Charles made several sound films in the 1940’s and 1950’s, including the memorable “Limelight” (1952), which featured an appearance by his old contemporary and friend Buster Keaton. The last film he made in which he appeared as an actor was “A King In New York” (1957), in which his son Michael also appeared. During the years Charles had helped both his brothers Sydney and Wheeler land film work in Hollywood, and Sydney had also acted as Charlie’s business manager. His last film project was as director for “A Countess from Hong Kong” (1966), starring Marlon Brando, a failure at the box office. However both “Limelight” and “Countess” featured beautiful musical scores created by Charles Chaplin. He also composed lovely Victorian style melodies for his classic “City Lights” score.

In 1971 Charles Chaplin returned to the United States to a warm welcome, to receive a special Academy Award for lifetime achievement in film. He wept as he received his Oscar and seemed genuinely humbled by the experience and appreciative of all the good will bestowed on him. A British subject until his death, Charles Chaplin was knighted by Queen Elizabeth in 1975. He died peacefully in his sleep on Christmas Day, 1977. Much of Charlie Chaplin’s silent film work has survived, and has been restored and transferred to video and DVD for future generations to rediscover and enjoy. ~ Copyright © 2004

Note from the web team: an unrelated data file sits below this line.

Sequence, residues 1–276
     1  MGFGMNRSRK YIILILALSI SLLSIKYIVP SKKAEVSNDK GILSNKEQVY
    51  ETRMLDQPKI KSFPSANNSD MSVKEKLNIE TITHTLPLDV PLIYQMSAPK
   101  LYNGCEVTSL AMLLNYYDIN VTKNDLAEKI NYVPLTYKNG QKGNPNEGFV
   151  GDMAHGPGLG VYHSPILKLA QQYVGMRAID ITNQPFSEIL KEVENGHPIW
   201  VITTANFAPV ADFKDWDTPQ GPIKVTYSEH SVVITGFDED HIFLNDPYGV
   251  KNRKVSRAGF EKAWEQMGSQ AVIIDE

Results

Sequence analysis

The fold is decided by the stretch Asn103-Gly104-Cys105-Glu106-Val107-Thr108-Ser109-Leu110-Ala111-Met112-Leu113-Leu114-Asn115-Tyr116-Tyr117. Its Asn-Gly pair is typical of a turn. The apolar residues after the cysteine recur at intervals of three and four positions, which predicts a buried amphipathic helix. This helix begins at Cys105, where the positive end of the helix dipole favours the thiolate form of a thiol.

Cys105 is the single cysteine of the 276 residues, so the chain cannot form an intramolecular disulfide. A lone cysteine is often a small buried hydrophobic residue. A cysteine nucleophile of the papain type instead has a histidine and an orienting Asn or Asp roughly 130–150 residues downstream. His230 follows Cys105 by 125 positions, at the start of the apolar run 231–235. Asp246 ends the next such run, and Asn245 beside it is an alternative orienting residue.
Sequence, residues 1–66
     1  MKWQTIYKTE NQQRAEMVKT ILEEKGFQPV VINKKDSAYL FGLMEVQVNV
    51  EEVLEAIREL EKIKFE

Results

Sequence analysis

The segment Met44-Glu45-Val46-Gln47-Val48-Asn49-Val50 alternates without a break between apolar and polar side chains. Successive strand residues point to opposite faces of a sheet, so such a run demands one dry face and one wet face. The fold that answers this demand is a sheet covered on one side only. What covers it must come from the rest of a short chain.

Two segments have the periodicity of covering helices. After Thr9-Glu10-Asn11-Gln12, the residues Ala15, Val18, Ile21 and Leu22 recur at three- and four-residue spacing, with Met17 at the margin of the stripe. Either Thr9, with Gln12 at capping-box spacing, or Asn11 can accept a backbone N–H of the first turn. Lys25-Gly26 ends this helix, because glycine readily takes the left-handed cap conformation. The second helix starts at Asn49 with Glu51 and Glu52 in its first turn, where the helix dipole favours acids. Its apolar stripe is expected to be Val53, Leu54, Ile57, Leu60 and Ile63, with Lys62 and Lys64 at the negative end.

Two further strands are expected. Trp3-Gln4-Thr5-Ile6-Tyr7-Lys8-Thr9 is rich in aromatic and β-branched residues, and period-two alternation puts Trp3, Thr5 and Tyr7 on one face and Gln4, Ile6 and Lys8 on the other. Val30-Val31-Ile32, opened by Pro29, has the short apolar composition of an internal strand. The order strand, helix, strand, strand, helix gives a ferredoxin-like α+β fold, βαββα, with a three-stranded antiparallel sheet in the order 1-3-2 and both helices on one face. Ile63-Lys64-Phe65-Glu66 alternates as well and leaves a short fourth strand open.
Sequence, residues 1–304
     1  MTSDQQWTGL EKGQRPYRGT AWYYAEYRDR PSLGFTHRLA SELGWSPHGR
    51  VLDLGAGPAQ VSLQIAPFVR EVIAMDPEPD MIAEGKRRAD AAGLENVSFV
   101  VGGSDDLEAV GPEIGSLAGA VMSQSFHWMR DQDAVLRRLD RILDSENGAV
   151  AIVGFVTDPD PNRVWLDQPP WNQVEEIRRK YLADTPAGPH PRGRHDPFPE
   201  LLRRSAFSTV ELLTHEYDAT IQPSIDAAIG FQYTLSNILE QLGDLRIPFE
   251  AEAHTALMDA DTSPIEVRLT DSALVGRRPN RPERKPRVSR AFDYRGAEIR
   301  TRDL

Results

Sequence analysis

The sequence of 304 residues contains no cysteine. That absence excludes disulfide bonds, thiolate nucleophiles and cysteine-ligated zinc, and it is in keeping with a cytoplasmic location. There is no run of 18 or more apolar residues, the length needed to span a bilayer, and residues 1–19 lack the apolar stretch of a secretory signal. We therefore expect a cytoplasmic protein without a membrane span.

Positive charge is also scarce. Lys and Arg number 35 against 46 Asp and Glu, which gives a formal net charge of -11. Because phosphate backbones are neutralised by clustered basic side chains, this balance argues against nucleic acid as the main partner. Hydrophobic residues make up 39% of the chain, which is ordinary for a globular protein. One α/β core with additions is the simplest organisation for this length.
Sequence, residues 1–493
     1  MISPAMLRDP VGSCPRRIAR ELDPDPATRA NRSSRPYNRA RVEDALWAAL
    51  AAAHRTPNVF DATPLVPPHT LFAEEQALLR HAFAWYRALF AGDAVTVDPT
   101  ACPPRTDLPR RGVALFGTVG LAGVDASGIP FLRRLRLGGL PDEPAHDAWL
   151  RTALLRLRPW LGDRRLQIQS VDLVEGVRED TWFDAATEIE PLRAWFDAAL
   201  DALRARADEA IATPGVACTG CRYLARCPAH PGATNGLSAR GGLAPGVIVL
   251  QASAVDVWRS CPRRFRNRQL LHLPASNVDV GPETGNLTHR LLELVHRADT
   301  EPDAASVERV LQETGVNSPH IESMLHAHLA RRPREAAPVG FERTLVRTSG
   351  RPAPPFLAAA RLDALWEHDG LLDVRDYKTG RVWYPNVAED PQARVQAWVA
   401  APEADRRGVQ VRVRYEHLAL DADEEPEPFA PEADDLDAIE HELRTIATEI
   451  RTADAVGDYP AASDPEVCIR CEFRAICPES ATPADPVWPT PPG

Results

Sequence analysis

Charles Chaplin’s Silent Films

City Lights (1931) …. A Tramp
… aka City Lights: A Comedy Romance in Pantomime (1931) (USA)
Show People (1928) (uncredited) …. Cameo appearance
Circus, The (1928) (as Charlie Chaplin) …. A Tramp
Gold Rush, The (1925) …. The Lone Prospector
Woman of Paris, A (1923) (uncredited) …. Porter
Hollywood (1923) …. Cameo appearance
… aka Joligud (1923)
Souls for Sale (1923) …. Celebrity
Pilgrim, The (1923) …. The Pilgrim
Pay Day (1922/I) …. Laborer
Idle Class, The (1921) …. Tramp and Husband
… aka Vanity Fair (1921) (USA)
Nut, The (1921) (uncredited) …. Cameo appearance

Charlie Chaplin and Jackie Coogan, Charlie’s discovery,
in the classic silent film “The Kid” (1921)

Kid, The (1921) …. Tramp